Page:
Maintaining a positive company culture takes a lot more than just posting a mission statement on your website or the break room wall. Building a unified culture takes consistency, hard work, and dedication. You must periodically measure progress, monitor behavior and actions, and tweak programs accordingly to steer the organization successfully ahead.
But who is responsible for cultivating organizational culture? Traditionally, the HR team works to achieve company culture goals. In fact, according to a 2019 study conducted by HR Dive, when asked, “Which department is responsible for building, monitoring and enhancing company culture?” respondents overwhelmingly indicated that the HR department owns culture (52%), followed by the executive team (28%).
Before the pandemic, many businesses defined culture as free lunches, a beer fridge, and ping pong tables. But those are perks, not culture. Perks don't establish core values that drive the business. They also don't teach employees the interpersonal, communication, and conflict resolution skills needed to navigate the new normal in business. But you have a secret weapon that you may not be aware of—your learning ecosystem.
Your Learning Ecosystem is your secret weapon.
According to research by Bersin & Associates, organizations with a robust learning culture have:
- 37% more productive employees
- A 32% higher chance of being the first to market an innovative solution
- A 26% increase in their ability to deliver quality products
Your learning ecosystem can be more than just a set of learning tools, such as a learning management system (LMS) or learning experience platform (LXP). It can be a source of community, engagement, culture, and rich learning experiences. But you can't build a strong corporate culture overnight. That's why your learning ecosystem needs to be scalable and easy to access.
Employees aren't going to make an effort to learn if the process isn't seamless. Whether through an LMS, LXP, intranet, etc., delivering courses must be a user-friendly and intuitive experience. Ideally, you should have on-demand learning that enables your teams to access course materials anywhere at any time via smartphone or tablet. This feature is vital so that today's remote and hybrid workforces can quickly learn on the go and in the flow of work. The good news is, if your learning ecosystem is already in place—all you need now is the right content!
Add the right content to fuel your company culture goals.
According to research by McKinsey, L&D’s strategic role in the organization spans five areas:
- Develop people capabilities: Companies that make investments in future leaders see impressive returns. According to McKinsey:
"Companies in the top quartile of leadership outperform other organizations by nearly two times on earnings before interest, taxes, depreciation, and amortization (EBITDA). ...Companies that invest in developing leaders during significant transformations are 2.4 times more likely to hit their performance targets."
- Attract and Retain Talent: Opportunities for learning and growth are among the top reasons people join a company. On the flip side, a lack of growth opportunities is one of the key reasons workers cite for leaving an organization.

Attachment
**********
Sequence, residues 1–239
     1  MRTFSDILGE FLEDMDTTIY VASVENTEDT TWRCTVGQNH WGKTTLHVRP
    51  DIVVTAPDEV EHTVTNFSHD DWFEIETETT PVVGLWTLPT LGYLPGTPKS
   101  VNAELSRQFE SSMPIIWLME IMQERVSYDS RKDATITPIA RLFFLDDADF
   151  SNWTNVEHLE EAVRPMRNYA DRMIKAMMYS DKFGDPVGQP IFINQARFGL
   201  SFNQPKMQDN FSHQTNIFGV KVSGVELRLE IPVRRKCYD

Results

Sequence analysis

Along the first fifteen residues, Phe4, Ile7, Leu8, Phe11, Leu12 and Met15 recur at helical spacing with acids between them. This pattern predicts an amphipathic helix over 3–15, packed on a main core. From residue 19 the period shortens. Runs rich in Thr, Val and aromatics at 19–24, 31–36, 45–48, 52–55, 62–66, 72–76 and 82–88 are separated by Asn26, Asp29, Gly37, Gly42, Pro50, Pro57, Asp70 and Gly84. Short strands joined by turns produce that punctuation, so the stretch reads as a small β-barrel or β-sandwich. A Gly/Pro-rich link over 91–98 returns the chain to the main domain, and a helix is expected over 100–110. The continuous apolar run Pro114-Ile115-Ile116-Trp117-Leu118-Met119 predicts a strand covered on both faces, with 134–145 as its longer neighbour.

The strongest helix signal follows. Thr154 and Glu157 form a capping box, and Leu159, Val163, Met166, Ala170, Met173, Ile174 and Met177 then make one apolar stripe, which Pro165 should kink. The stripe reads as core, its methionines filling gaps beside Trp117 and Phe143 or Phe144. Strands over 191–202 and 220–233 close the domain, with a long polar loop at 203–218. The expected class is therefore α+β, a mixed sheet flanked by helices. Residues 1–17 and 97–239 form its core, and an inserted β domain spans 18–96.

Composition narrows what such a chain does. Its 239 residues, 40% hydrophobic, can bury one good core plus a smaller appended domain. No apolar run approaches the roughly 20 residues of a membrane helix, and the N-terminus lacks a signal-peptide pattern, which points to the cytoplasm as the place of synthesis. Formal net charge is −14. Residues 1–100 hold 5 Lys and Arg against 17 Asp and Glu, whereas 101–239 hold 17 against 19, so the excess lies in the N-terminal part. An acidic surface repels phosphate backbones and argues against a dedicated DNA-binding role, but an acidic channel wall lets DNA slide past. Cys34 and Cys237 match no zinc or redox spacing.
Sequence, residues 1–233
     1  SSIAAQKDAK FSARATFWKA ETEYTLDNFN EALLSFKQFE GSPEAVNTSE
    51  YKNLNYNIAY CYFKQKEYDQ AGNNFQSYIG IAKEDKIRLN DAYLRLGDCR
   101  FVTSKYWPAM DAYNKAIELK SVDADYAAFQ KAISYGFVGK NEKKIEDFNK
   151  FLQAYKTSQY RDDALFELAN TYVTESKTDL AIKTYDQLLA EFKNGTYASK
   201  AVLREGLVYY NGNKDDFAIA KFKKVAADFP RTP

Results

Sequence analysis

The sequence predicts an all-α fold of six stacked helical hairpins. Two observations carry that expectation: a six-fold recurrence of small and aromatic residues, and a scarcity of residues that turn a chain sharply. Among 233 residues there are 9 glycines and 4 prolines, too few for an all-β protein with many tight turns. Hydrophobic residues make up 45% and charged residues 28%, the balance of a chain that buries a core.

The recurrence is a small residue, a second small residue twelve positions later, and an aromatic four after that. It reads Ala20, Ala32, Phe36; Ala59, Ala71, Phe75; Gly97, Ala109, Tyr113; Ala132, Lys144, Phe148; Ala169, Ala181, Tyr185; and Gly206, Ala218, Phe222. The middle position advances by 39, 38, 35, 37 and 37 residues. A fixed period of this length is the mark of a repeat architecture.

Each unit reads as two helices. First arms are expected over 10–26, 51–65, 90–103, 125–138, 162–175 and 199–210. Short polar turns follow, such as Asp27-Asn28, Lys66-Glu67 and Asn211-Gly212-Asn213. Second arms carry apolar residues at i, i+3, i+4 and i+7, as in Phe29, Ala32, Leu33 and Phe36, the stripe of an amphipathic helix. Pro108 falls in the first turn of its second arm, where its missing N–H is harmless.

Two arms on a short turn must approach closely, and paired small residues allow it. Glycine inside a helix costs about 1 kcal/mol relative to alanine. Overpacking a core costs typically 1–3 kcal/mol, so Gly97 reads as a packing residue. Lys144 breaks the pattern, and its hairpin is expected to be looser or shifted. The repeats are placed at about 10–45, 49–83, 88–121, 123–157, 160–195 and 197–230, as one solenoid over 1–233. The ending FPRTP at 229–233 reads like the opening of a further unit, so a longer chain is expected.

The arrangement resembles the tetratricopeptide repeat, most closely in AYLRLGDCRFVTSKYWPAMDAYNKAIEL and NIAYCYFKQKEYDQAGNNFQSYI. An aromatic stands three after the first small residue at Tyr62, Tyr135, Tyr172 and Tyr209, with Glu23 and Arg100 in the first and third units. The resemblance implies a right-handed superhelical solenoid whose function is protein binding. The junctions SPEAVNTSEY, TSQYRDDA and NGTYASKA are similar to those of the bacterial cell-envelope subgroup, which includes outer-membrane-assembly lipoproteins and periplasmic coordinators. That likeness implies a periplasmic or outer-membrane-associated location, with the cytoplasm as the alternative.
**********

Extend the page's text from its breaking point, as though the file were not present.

- Motivate and engage employees: To consistently engage employees, your organization must continue to invest in them. Proper training and development can significantly enhance employee engagement by nurturing talent and improving performance. When highly engaged employees have the skills to grow, they are more likely to be energized and satisfied with their organization.
- Build Your Employment Brand: Given the current situation, companies are working harder to compete for top talent. Investments in L&D can help enhance your brand and boost your reputation as an employer of choice.
- Create a values-based culture: As the workforce becomes more dispersed, L&D can help build a culture based on values and a sense of community. Education about values-based leadership should reinforce how to model desired behavior, encourage reflection among employees, and deal honestly and openly with ethical issues as they arise in the workplace.
Content That Resonates
Accessibility and relevance are crucial to creating memorable educational experiences, improving engagement, and increasing ROI from training initiatives. Unfortunately, most learning content lacks the approachable, inspirational tone needed to encourage shifts in thinking and behavior. That's because the standard one-size-fits-all approach is ineffective and outdated. Ideally, your content balances business objectives and addresses the needs of both people leaders and individual contributors.
Your L&D strategy should focus not just on general technical skills needed for your organization but also on developing learning paths that build the soft skills necessary to succeed in today's workplace. Emotional intelligence, inclusion and belonging, adaptability, and resilience are important. Offer flexible options that give employees a "choose your own adventure" experience so they can easily find the content that aligns with their learning style and professional development goals.
Personalized learning content should also be current and relevant. When employees take courses that apply to their role and skill level, their engagement and retention improve. Your L&D strategy should guide employees on a path that builds the skills necessary to embrace change and learn about the values surrounding your newly defined company culture.
Content With Choice
Offering multiple formats and delivery methods—like learning on the go—is one of the best and most convenient ways to engage employees. This mobile approach also gives employees ownership over their learning journey. Providing choices helps you increase engagement and enthusiasm for professional development.
Now, put it on repeat